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Coal firm admits charges over deaths


The UK's biggest coal mining firm has admitted health and safety offences following the death of a miner at one of its pits.

UK Coal admitted charges of failing to ensure the health, safety and welfare of workers and contractors at Kellingley Colliery, in North Yorkshire.

The prosecution follows the death of miner Ian Cameron, 46, in October 2009.

Mr Cameron died when equipment fell on him at the pit.

Today a judge at Leeds Crown Court accepted guilty pleas in writing from the firm.

But Judge Peter Collier QC said UK Coal will not be sentenced until a trial has been completed, relating to the same incident, but concerning a different firm.

Worcester-based equipment company Joy Mining Machinery Ltd today pleaded not guilty to a charge of failing to ensure that people, including UK Coal, were provided with all necessary information about health and safety risks in relation to using powered roof supports at Kellingley.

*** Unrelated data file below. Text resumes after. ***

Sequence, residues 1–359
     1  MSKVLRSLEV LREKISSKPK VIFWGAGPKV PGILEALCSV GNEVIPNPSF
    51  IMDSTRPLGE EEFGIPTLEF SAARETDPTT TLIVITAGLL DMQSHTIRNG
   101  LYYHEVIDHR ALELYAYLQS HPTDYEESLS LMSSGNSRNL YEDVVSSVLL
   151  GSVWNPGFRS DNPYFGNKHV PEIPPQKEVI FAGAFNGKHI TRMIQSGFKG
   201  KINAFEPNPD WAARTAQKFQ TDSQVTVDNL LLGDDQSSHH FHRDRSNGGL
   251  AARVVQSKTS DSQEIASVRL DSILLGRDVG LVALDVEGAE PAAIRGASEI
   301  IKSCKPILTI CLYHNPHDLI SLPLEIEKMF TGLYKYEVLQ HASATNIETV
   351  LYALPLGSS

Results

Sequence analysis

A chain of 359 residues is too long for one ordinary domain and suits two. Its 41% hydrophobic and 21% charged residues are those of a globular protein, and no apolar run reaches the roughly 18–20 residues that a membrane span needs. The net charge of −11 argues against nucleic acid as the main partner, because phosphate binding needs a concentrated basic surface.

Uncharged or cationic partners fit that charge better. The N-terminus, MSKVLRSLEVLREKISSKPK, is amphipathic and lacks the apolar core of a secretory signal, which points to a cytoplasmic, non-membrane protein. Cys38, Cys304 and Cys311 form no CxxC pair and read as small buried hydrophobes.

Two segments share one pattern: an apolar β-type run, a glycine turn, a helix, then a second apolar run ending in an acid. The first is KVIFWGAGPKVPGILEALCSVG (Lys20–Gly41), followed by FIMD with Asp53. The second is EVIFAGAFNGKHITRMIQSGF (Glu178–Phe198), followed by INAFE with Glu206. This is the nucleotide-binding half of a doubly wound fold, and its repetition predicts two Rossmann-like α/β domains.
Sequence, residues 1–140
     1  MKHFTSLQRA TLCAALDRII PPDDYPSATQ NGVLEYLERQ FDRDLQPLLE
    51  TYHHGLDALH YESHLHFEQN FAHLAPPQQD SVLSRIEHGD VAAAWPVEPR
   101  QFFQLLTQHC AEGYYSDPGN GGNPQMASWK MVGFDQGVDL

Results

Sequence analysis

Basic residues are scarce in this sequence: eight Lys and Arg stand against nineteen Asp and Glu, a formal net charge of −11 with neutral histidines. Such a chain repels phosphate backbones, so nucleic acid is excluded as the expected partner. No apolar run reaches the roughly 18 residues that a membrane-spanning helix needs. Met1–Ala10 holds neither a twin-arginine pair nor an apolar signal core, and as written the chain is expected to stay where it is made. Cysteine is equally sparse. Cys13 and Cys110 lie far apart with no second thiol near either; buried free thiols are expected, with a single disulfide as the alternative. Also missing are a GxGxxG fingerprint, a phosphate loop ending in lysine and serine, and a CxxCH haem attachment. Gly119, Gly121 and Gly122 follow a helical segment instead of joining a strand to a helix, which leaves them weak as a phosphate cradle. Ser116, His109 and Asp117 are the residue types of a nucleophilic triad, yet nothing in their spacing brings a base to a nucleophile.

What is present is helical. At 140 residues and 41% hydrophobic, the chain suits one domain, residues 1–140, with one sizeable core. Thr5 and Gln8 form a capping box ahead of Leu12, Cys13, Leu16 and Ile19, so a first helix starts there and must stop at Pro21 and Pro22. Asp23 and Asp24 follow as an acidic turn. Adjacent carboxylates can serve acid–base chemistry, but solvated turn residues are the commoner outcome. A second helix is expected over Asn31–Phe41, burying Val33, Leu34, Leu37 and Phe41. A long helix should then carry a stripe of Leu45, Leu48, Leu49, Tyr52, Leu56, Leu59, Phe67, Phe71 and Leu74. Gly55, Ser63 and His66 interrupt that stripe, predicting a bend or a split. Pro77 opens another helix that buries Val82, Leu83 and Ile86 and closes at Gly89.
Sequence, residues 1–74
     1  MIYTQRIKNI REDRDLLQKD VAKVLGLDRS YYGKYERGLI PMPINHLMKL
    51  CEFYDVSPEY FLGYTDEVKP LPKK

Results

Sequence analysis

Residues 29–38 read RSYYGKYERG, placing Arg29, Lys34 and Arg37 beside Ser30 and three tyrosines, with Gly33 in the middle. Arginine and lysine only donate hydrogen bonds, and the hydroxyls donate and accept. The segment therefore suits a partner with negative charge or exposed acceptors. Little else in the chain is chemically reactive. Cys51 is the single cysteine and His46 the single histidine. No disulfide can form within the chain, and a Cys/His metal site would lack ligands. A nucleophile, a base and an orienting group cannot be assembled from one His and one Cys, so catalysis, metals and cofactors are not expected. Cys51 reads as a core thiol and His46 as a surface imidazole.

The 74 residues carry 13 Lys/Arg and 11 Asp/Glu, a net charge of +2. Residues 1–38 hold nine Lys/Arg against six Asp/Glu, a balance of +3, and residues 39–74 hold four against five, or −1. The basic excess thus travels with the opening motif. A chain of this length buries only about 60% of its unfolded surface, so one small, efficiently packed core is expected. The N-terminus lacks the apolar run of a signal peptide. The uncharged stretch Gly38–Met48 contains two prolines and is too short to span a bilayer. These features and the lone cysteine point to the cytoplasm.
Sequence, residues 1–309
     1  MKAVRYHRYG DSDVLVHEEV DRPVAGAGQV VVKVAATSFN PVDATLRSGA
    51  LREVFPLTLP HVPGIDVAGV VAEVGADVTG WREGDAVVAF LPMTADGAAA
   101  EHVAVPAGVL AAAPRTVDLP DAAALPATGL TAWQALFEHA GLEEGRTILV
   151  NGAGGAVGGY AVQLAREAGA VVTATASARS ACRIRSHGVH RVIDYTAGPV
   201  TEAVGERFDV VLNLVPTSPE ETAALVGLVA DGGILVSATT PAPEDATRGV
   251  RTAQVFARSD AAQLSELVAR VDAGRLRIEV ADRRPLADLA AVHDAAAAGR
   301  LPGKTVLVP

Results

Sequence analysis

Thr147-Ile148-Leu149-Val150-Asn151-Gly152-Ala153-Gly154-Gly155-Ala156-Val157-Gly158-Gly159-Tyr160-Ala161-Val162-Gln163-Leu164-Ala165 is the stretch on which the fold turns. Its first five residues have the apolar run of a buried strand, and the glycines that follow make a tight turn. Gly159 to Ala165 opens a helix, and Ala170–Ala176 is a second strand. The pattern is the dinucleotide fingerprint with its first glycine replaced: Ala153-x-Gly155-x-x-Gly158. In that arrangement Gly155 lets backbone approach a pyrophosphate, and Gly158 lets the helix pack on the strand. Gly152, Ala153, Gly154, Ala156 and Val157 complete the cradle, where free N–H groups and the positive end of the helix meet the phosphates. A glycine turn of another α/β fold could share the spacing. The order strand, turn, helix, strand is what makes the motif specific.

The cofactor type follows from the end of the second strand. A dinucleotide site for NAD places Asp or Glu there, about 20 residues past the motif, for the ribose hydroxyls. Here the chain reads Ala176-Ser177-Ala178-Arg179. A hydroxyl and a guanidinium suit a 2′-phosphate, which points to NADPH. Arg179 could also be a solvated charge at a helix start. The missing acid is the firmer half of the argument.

The trial of Joy Mining Machinery in relation to this charge is expected to take place at a date to be fixed later this year.

Mr Cameron's death was one of three at Kellingley in the last three years.

Don Cook died in a rock fall in September 2008 and, last September, Gerry Gibson, 49, died in another underground incident.

Kellingley, on the border of North Yorkshire and West Yorkshire, is the largest remaining deep mine in Yorkshire.

Last year, UK Coal was ordered to pay £1.2 million in fines and costs after it admitted health and safety breaches in relation to the deaths of four miners in four different incidents at pits in Warwickshire and Nottinghamshire.